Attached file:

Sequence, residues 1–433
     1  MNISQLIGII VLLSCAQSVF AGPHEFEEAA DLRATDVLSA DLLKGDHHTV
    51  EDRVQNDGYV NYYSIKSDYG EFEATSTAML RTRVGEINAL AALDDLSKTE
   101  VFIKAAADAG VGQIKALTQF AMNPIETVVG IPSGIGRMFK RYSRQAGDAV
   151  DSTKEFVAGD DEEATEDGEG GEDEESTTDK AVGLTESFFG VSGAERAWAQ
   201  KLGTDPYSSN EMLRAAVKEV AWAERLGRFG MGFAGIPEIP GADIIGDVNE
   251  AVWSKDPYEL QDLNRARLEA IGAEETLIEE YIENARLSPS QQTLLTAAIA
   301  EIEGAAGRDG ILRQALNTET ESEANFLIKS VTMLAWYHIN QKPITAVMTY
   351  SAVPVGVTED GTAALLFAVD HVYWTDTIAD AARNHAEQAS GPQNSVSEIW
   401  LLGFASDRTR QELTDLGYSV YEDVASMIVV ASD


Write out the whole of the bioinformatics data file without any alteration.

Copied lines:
Sequence, residues 1–433
     1  MNISQLIGII VLLSCAQSVF AGPHEFEEAA DLRATDVLSA DLLKGDHHTV
    51  EDRVQNDGYV NYYSIKSDYG EFEATSTAML RTRVGEINAL AALDDLSKTE
   101  VFIKAAADAG VGQIKALTQF AMNPIETVVG IPSGIGRMFK RYSRQAGDAV
   151  DSTKEFVAGD DEEATEDGEG GEDEESTTDK AVGLTESFFG VSGAERAWAQ
   201  KLGTDPYSSN EMLRAAVKEV AWAERLGRFG MGFAGIPEIP GADIIGDVNE
   251  AVWSKDPYEL QDLNRARLEA IGAEETLIEE YIENARLSPS QQTLLTAAIA
   301  EIEGAAGRDG ILRQALNTET ESEANFLIKS VTMLAWYHIN QKPITAVMTY
   351  SAVPVGVTED GTAALLFAVD HVYWTDTIAD AARNHAEQAS GPQNSVSEIW
   401  LLGFASDRTR QELTDLGYSV YEDVASMIVV ASD